Topic: Probation Violation – Right to a speedy violation hearing
Summary: Probationer was not denied his right to a speedy probation violation hearing where probationer was sentenced for a new offense and was subject to a delay of 15-months before having a probation violation hearing.
Illustration: Russell Woods was initially placed on probation on June 16, 2005. He violated his probation on July 20, 2005. His initial probation violation hearing was scheduled for August 9, 2005. The hearing was postponed for a mental health evaluation. Woods committed another offense on September 12, 2005. Woods entered a guilty plea to both new offenses on June 29, 2006 and was sentenced on those charges on December 12, 2006. Woods had his probation violation hearing on September 17, 2007.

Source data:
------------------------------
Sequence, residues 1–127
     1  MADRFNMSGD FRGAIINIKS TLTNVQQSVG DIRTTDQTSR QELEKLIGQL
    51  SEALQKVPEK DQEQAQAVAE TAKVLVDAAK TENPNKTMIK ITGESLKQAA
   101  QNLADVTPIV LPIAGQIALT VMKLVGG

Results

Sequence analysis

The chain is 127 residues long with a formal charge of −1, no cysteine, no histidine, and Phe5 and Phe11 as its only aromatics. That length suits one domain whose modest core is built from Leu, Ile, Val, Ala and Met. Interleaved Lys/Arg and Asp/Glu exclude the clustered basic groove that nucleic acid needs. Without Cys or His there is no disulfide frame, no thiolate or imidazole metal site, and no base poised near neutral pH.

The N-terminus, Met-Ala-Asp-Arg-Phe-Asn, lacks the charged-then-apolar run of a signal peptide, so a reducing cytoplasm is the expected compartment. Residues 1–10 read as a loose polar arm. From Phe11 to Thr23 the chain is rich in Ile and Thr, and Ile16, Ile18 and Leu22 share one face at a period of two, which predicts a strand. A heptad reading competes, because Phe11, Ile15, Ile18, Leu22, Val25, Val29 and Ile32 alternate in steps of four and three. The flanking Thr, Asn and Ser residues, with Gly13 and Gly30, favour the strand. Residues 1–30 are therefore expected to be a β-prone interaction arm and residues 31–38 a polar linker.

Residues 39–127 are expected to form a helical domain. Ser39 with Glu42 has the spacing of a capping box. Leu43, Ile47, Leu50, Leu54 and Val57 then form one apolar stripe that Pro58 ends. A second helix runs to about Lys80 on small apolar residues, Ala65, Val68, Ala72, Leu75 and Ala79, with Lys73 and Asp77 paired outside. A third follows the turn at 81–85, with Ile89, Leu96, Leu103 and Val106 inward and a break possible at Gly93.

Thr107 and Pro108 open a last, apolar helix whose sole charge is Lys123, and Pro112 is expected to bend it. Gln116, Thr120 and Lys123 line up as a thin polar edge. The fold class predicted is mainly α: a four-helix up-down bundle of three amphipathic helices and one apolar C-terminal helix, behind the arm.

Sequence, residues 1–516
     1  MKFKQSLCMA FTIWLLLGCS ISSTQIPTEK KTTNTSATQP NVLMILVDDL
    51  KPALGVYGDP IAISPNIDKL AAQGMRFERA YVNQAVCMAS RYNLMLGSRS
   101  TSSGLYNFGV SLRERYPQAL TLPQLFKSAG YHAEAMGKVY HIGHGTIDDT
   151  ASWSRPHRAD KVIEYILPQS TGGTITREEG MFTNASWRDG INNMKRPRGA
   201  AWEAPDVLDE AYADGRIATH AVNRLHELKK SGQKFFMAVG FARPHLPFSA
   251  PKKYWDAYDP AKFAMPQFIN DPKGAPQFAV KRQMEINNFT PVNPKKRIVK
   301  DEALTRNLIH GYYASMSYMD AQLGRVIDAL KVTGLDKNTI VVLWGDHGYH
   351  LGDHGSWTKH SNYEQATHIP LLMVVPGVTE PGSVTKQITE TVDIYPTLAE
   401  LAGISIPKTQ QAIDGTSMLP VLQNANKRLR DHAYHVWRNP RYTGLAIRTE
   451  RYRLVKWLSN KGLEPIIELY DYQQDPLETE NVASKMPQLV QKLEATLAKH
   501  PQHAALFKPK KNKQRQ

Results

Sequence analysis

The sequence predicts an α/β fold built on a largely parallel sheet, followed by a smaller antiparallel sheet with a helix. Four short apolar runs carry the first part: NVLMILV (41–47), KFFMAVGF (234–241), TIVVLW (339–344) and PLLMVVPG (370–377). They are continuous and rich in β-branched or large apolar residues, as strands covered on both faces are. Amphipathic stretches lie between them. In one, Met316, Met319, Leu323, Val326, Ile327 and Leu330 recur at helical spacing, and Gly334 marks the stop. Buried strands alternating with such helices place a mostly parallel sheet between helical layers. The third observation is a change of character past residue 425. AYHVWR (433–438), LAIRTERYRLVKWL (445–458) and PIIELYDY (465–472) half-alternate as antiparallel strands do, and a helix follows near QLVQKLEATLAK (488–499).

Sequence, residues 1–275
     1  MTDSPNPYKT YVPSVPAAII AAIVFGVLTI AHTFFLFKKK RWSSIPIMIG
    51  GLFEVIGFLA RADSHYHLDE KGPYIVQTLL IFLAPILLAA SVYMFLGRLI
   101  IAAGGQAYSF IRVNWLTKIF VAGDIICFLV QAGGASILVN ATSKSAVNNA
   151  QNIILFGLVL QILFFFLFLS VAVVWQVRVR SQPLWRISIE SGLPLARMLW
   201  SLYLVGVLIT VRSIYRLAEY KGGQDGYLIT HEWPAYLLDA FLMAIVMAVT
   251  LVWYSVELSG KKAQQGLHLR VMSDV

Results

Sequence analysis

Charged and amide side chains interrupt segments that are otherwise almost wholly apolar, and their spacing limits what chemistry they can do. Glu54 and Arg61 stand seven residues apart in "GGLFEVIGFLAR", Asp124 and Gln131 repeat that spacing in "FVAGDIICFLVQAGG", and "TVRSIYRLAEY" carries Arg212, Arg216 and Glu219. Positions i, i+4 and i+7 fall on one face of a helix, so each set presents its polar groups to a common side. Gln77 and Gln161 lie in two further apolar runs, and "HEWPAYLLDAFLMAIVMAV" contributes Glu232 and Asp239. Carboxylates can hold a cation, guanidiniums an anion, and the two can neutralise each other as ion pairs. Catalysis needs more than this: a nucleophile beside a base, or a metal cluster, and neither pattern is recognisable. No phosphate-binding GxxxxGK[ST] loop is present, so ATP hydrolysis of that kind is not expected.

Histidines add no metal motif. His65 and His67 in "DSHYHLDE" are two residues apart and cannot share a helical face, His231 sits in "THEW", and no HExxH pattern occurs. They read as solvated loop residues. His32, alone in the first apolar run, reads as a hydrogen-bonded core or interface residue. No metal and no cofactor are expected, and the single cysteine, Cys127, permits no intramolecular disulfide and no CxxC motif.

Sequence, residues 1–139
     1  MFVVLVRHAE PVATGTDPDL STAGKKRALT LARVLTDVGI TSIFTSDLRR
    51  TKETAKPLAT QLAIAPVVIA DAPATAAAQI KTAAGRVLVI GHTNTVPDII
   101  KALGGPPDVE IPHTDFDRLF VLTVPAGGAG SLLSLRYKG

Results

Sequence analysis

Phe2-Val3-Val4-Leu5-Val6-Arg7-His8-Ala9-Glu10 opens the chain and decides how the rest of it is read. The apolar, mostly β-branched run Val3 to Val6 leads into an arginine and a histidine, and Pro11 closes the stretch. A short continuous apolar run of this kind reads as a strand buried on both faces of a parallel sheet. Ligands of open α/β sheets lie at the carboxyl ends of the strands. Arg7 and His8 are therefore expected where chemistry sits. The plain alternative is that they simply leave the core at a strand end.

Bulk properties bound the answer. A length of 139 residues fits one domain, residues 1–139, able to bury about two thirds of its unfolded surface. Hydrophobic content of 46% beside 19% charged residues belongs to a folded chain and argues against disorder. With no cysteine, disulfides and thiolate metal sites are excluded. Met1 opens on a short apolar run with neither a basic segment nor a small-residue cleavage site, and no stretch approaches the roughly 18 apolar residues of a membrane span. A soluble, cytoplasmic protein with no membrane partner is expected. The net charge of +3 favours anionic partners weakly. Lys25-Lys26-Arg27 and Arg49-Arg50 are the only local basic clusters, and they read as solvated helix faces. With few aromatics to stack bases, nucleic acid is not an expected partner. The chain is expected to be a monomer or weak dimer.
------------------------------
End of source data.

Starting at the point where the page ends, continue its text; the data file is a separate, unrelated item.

Although the period from June 16, 2005 to December 12, 2006 could be attributed to Woods being convicted and sentenced for the new offenses, there was no explanation for the 9 month delay from the time of sentencing to the violation hearing in September 2007. However, the Superior Court concluded that Woods was in prison anyway and was not deprived of witnesses or new evidence. Therefore, the Court concluded that Woods suffered no prejudice and there was no violation of Pennsylvania Rule of Criminal Procedure 708.